Starting at 7:35, we drove around the north side of the Old City and crossed the Kidron Valley to get to the top of the Mt. of Olives. Here we enjoyed an amazing view of the Temple Mount and Old City of Jerusalem. Walking down the pathway, we briefly stopped at Dominus Flavet, a small chapel with a closer view of the Eastern Gate (Ezekiel 44) and Temple Mount. We read from Luke 19 about Jesus humbly riding down the slopes of this hill as King. We also read from Zechariah 14 about Christ’s 2nd Coming when His feet will stand on this mountain. It will split into two and Jesus will once again be proclaimed as the King of kings! Further down the slope we also stopped briefly among olive trees in the general are where the Garden of Gethsemane was located. We read from Luke 22. It was here where Judas betrayed Jesus. We read about Jesus willingness and passion to accomplish God’s redemptive purpose for the world. He said, “Not my will but yours be done!”
Walking into the Old City through the Lion’s Gate (also called St. Stephen’s and Jericho gate), we saw the ancient Pools of Bethesda (John 6). Also on the same premises is St. Anne’s Church. We sang a few songs in this Crusader church. It has about an eight-second echo. We sounded like a heavenly choir!
After eating lunch in the Christian Quarter, we walked out of the Jaffa Gate and met our buses. We drove to the Israel Museum. We first saw an amazing 1:50 replica/model of Jerusalem of what it looked like in 70 AD. We made many biblical connections with the activity and ministry of Jesus here. We highlighted Jesus’ ministry in this city. Next, we walked through the Shrine of the Book where some of the Dead Sea Scrolls are displayed. Finally, we walked through the archaeological wing of the museum, seeing the highlights (e.g. Dan & Pilate Inscription, Moses’ Seat, figurines, ossuaries, among many other things. We even saw what looks like a glass pie plate that dates 1,900 years old!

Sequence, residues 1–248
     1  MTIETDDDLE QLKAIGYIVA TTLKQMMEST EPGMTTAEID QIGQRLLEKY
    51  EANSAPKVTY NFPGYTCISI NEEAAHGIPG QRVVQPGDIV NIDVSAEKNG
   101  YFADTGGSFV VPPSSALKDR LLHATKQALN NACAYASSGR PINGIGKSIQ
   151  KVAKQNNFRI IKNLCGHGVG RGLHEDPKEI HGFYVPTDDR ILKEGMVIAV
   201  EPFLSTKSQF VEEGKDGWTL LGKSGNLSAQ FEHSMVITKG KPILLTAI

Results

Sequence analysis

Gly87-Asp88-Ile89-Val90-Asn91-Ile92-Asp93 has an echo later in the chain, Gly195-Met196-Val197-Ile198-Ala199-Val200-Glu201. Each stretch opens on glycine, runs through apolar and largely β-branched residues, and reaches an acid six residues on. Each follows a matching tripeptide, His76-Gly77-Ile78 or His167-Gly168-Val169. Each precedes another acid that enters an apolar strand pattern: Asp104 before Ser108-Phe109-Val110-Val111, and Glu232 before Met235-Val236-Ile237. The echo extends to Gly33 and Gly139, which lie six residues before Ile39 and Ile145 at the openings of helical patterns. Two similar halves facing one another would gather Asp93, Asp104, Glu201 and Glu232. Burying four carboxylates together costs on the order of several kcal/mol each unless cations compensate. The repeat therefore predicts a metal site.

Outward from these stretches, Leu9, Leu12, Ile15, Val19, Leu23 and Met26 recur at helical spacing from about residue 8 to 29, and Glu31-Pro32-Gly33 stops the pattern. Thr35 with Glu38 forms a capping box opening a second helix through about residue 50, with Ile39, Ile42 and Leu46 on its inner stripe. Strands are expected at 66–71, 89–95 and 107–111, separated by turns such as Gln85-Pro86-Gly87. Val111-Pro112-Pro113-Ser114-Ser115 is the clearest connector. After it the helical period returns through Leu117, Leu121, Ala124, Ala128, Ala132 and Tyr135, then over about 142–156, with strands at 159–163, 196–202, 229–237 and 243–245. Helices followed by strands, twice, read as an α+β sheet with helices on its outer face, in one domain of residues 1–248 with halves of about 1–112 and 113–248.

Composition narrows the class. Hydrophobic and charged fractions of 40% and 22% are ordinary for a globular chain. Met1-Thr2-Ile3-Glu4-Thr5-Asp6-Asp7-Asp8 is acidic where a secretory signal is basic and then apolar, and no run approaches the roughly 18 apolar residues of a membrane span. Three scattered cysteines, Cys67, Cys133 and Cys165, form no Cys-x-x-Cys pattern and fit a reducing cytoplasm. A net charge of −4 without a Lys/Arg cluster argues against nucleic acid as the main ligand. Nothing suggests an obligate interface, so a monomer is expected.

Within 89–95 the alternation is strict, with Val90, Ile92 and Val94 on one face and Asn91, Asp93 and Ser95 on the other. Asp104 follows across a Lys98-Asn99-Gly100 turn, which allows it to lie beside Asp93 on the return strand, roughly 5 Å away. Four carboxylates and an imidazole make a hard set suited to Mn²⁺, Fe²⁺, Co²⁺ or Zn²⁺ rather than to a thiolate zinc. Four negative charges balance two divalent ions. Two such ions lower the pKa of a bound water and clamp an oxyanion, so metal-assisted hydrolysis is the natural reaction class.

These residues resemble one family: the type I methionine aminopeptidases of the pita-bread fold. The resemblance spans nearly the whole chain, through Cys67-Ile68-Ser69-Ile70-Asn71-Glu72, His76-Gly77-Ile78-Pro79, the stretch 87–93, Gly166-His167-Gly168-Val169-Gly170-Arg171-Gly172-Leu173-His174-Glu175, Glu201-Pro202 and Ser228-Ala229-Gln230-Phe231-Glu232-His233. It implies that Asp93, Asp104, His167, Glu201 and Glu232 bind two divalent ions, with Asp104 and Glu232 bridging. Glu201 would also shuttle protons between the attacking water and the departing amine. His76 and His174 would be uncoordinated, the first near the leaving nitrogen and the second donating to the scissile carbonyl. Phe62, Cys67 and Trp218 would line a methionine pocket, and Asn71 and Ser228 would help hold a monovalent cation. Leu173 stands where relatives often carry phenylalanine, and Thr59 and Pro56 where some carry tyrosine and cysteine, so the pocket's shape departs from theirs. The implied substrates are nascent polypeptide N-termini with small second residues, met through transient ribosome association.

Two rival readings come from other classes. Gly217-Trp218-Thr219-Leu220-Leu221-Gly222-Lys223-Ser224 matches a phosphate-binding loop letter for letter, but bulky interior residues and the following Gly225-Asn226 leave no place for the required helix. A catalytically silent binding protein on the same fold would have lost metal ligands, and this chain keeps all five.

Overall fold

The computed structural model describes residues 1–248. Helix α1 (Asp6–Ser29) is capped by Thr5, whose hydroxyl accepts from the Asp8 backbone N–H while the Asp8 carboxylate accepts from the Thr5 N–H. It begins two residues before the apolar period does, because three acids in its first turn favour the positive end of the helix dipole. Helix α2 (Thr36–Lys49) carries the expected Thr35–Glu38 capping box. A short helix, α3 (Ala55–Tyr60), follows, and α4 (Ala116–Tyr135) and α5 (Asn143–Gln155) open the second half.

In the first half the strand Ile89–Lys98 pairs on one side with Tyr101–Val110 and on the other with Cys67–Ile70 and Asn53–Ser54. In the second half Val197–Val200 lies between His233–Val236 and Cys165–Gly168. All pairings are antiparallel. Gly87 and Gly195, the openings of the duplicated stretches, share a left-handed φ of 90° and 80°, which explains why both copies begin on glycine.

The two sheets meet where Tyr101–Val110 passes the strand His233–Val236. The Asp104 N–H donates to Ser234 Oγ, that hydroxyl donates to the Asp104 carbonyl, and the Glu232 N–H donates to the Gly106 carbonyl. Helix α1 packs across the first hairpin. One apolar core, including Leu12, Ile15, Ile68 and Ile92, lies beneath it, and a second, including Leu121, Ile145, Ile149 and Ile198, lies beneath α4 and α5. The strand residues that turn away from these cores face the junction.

Our last stop of the day was to Yad Vashem, Israel’s Holocaust Museum. We heard both Shlomo and Ori’s personal story before walking through the Children’s Memorial. 1.5 million were killed in the Holocaust. On our own we walked through the museum itself. This is a place that grips your heart with the reality of hate and murder that took place during WWII to 6 million Jews! We returned to our hotel in Jerusalem for dinner and another optional walk (this time to Ben Yehuda Street/Jaffa Road).
DAY 9 – MONDAY, MARCH 25: BETHLEHEM, SHEPHERD’S FIELDS, THE “SHEPHELAH” – LOWLANDS OF JUDAH – ELAH VALLEY, BETH SHEMESH, BEIT GUVRIN, LACHISH, JERUSALEM
Today was a day to visit and explore sites outside of Jerusalem. The day first took us to south of Jerusalem (to Bethlehem) and then west of Jerusalem (to the Shephelah or Lowlands of Judah). The weather was overcast with a few showers…
Leaving again around 7:30, we drove about 5 miles south to the Bethlehem area. Our first stop took us to Beit Sahour just east of Bethlehem. The traditional shepherds’ fields are here. Descending into a cave, we talked about the role of shepherds and that “just at the right time God sent His Son” (Gal. 4:4). We celebrated the fulfillment of redemptive history in Jesus’ birth. We also read from Micah 5 and Luke 2. Singing Christmas carols in the chapel was also special! We then drove into Bethlehem and visited an olive wood shop and store. It was interesting to see how they carved the wood.
Driving west, we descended down into the Shephelah (lowlands) of Judah. Overlooking the narrow section of the Elah Valley, we read from I Samuel 17. It was here where David fought Goliath. With the Philistines occupying one hill, and the Israelites the other, the battlefield was right in front of us!
Driving north to the Sorek Valley, we stopped into a new mall for lunch. Many had pizza, while others had a burger from McDonalds! Near by is the ancient site of Beth Shemesh. On the top of the tel, we learned (from Judges 13-16) that Samson was from this area (specifically Zorah). We also read from 1 Samuel 6 about the return of the Ark of the Covenant to this city from the Philistines at Ekron. We returned back to the buses just before the skies opened up with lots of rain!
Driving south we visited Beit Guvrin. In between the rain drops we walked into one of the soft limestone Bell Caves. There are 100s of caves in this area. In this large carved-out cave Shlomo shared a song on his recorder. We also sang a few worship songs here too. Close by we also descended down to a columbarium cave where pigeons were raised. About 2,000 niches were carved into this cave.